Monday kicked off National Health IT week! While the United States has made progress in moving towards a more modern healthcare system, significant work remains. There’s no disputing that our medical device and health technology companies are the most advanced on the planet, developing the solutions that are diagnosing diseases earlier, expanding treatment options, and improving quality of life. However, when it comes to healthcare and identity—making sure that the correct data is associated with the right patient, and ensuring that that information is able to be shared, analyzed, and acted upon in a timely fashion—the United States lags woefully behind many other developed nations.
A Sunday Wall Street Journal article is case in point. The article summarizes a study from the ECRI Institute that shows not only how widespread medical ID errors are, but just how devastating their impact can be. Researchers examined 7,613 cases of mistaken patient identities in health systems across the United States voluntarily reported by providers. While 91 percent of identification errors were caught before patients were harmed, some resulted in injury and even death.
The report’s authors called on “all health-care facilities to adopt a standardized protocol to verify patient identities.” While there is clearly a role for improved policies on the part of providers, the real solution is moving beyond a patient identification system founded solely on data points—such as the patient’s name—towards one based on secure hardware solutions, such as a smart patient identity card.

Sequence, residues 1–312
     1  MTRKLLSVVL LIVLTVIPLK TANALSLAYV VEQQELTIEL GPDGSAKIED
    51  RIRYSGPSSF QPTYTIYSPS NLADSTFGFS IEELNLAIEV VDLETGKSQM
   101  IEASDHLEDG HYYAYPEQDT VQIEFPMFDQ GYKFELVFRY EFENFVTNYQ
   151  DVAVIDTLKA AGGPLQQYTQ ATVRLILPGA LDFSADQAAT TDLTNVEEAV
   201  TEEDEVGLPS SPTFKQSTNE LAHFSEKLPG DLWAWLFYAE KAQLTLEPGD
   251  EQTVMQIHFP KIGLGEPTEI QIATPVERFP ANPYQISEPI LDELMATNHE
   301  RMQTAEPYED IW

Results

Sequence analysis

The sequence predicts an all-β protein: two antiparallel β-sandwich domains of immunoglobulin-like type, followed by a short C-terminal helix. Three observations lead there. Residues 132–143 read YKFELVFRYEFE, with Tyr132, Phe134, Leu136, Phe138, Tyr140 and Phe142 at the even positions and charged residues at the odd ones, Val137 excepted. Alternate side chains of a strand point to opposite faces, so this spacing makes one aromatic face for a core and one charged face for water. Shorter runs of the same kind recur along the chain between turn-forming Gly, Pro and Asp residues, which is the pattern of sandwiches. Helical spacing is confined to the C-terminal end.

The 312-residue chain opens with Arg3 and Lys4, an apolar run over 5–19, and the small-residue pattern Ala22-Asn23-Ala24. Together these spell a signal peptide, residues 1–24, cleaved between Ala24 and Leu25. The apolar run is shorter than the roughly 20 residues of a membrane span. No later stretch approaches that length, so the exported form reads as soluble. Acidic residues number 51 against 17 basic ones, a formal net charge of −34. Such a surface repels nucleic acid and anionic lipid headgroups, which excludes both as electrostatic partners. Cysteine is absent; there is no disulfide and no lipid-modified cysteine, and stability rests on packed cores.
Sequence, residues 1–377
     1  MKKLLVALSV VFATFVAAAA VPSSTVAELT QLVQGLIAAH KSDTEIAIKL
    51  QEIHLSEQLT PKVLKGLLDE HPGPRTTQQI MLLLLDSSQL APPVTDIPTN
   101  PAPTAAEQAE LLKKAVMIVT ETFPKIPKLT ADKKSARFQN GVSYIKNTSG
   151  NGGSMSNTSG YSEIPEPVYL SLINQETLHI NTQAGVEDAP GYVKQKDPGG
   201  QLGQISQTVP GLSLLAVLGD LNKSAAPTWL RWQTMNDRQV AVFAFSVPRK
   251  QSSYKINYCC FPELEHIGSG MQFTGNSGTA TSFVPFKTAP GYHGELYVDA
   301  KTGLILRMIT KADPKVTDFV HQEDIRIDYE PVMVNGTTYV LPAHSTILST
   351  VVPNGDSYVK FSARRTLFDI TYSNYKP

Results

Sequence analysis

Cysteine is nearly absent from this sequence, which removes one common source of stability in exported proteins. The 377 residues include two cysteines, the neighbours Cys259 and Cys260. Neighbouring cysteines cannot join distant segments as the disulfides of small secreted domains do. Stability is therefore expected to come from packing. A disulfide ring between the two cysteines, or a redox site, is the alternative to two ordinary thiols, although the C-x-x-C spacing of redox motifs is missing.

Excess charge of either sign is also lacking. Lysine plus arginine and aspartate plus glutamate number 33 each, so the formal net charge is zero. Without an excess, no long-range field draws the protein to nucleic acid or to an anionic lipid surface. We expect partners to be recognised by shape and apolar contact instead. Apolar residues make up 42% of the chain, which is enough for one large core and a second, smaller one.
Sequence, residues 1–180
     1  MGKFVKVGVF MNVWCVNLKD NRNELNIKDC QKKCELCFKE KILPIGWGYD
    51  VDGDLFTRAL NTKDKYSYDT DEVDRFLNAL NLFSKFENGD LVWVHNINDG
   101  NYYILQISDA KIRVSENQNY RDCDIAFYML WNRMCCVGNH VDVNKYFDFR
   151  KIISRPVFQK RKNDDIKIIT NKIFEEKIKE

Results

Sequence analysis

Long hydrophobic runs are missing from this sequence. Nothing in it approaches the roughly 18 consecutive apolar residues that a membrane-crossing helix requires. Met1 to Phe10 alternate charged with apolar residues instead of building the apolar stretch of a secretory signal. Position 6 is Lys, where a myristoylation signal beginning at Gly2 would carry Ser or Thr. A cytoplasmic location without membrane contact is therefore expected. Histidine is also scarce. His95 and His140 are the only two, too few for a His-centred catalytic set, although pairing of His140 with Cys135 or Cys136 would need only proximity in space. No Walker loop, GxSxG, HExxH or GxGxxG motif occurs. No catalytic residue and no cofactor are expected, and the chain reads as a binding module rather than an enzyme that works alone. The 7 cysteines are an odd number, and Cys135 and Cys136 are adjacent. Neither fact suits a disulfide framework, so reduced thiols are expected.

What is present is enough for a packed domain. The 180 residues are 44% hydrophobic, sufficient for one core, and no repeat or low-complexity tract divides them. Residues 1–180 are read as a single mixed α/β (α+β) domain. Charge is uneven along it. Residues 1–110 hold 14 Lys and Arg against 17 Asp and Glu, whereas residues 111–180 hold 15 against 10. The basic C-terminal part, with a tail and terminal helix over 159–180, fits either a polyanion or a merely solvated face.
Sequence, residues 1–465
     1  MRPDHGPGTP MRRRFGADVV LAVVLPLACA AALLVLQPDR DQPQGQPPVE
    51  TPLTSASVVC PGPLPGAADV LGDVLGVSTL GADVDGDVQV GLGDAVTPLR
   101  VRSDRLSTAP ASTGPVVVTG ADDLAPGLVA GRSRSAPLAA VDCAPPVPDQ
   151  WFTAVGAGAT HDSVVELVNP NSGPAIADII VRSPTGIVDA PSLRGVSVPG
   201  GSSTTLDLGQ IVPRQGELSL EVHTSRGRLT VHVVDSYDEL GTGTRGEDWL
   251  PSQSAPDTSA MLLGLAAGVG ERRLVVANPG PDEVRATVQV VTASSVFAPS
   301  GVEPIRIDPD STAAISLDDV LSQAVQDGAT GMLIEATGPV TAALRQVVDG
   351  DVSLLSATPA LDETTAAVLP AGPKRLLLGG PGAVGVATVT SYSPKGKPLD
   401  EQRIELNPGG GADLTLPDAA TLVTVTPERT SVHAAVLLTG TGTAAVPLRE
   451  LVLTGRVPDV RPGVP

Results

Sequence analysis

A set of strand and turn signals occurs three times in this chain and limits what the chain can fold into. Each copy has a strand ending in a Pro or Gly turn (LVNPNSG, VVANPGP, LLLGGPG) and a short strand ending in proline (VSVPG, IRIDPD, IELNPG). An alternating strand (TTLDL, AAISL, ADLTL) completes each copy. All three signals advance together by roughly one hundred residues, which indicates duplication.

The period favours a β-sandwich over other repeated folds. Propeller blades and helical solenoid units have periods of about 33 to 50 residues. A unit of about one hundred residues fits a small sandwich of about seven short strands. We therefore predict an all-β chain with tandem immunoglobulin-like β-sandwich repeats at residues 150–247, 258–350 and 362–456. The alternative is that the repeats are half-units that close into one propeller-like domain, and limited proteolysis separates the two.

This is one of the reasons why the Secure ID Coalition is supporting the Medicare Common Access Card Act (H.R. 3220). This bipartisan proposal would institute a pilot program to replace the current paper Medicare card with a secure smart card. In doing so, we would provide seniors with a bona fide health ID that will not only reduce fraud, but also make sure patients are matched to their correct health records.
The importance of a robust healthcare identity system to improving care cannot be overstated. For example, in many doctors’ offices, patient’s names are used as primary identifiers. In the absence of a robust identification system, when two patients with the name “John Smith” are entered into the database, confusion can easily result. Perhaps staffers are unsure about which John Smith is the correct one, and as a result create an entirely new record, compounding the problem.
Indeed, the ECRI study quoted about found that about 13 percent of identification errors occurred during the patient registration process, “in part because some [electronic medical record] systems aren’t finely tuned to recognize minor variations in name spellings.” New York City’s Mount Sinai Health System found that by investing in a smart card identity system, it was not only able to reduce cases of mistaken patient identity, but save millions of dollars on database deduplication.
If you think providing seniors with a secure health credential that can minimize the occurrence of health ID errors is important, we’d love to hear from you. Please click here to access the Secure ID Coalition’s Health ID Action Center, where you can send a message to your member of Congress about the importance of improving our health ID system—starting with the Medicare card.
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